Former neo-Nazi, Pegida Canada official among People’s Party of Canada signatories

The former leader of a U.S. neo-Nazi group, a former Soldiers of Odin member and a Pegida Canada official were among those whose signatures were submitted to Elections Canada last year to officially register the People’s Party of Canada, records show.

All three of their names appear on Elections Canada documents, obtained by Global News, that confirmed a minimum of 250 party members had signed membership declarations. The forms were required to obtain party status for the PPC and its leader, Maxime Bernier.

The Canadian Anti-Hate Network said the revelation that the party’s founding members included associates of extreme far-right, anti-immigrant groups should be grounds for removing Bernier from the televised election debates.

To register as an official political party, the PPC had to submit the names of at least 250 members to the chief electoral officer. Each member had to then sign an Elections Canada “confirmation” form verifying they had signed a membership declaration.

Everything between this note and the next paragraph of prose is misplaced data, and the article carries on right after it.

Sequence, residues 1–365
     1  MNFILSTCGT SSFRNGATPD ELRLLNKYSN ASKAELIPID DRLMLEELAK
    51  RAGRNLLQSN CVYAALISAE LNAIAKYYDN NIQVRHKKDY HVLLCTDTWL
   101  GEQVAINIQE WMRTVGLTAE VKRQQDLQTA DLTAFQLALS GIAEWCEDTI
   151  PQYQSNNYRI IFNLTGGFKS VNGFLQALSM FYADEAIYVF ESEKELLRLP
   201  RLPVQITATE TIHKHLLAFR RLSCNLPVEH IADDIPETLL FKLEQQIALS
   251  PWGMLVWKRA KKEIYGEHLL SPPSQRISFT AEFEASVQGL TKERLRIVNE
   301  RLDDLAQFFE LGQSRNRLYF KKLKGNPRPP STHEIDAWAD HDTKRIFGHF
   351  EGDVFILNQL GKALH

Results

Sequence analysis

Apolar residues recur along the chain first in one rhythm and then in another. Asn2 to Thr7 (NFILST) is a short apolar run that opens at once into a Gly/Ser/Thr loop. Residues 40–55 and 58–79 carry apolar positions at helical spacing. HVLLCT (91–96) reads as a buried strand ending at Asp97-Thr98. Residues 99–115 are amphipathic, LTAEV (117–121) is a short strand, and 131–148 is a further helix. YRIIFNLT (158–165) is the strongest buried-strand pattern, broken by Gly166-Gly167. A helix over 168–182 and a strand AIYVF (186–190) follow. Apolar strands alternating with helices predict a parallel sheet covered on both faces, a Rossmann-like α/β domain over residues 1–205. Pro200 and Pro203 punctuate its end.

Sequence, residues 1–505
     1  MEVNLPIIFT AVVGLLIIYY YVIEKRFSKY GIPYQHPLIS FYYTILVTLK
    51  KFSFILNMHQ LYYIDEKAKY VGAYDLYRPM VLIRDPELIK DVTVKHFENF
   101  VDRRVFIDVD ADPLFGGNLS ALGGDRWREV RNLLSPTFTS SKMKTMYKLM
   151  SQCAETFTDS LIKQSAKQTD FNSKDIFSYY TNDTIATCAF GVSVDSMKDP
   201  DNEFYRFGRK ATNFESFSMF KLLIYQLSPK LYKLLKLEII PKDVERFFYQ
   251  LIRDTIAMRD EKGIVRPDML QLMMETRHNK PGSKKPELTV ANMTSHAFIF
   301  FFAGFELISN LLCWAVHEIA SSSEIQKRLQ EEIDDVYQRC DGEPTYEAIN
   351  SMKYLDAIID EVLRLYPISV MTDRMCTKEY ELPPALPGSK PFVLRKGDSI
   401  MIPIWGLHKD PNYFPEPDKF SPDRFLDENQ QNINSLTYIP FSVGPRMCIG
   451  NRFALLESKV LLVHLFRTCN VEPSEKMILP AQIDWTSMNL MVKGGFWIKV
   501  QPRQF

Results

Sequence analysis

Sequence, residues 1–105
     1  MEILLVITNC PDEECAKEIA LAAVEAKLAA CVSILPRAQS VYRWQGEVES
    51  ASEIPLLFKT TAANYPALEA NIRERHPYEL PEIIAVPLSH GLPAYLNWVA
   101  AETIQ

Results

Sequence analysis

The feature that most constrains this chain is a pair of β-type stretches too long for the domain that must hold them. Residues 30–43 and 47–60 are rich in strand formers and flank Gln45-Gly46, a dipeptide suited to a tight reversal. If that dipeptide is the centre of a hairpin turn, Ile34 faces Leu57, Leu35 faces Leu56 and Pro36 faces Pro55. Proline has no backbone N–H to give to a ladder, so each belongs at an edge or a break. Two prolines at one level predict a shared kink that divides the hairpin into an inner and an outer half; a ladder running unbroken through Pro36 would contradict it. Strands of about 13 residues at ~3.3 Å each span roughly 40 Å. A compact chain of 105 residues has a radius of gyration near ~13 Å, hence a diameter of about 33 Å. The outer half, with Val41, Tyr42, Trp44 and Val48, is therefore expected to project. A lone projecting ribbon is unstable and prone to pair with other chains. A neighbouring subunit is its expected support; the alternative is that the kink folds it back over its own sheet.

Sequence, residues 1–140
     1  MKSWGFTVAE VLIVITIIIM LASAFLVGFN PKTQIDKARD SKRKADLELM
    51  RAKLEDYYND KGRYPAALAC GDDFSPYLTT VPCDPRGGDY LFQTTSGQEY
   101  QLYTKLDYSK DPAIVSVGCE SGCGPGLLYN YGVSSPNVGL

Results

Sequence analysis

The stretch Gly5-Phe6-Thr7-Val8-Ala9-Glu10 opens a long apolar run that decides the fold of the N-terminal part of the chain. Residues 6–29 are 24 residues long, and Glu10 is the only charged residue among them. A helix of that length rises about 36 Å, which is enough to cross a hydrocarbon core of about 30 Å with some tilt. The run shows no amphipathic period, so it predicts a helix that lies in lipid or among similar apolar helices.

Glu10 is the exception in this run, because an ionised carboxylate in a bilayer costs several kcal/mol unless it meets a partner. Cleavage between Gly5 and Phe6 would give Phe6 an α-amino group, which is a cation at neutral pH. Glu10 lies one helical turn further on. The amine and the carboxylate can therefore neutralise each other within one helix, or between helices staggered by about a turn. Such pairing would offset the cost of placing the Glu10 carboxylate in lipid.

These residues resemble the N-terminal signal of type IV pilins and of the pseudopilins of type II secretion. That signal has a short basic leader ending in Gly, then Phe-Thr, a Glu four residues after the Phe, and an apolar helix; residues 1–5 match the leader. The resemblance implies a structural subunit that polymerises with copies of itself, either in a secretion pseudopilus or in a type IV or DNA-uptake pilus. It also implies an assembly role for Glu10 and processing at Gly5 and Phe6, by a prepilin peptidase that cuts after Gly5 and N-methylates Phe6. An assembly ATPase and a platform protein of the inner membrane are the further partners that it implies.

Under Canada Elections Act, parties do not have to disclose information about former or pending criminal backgrounds or investigations regarding those involved with the party, she said.

Among them was Janice Bultje, who is active in Pegida Canada and a group called Fighting Hate in Canada. Pegida, whose slogan is “Patriots of Canada against the Islamization of the West,” denies it is a white-supremacist group.

“As a founding member of both Pegida Canada and Fighting Hate in Canada, I believe in the importance of having a government that keeps the separation between church and state and fights hate regardless its origin, from the far-right to the far-left,” Bultje responded when asked why she had agreed to serve as one of the signatories during the registration of the PPC.

The Canadian Anti-Hate Network describes Pegida as an anti-Muslim group and says that while it isn’t militant or physically dangerous, Pegida’s rallies often attract more violent far-right groups.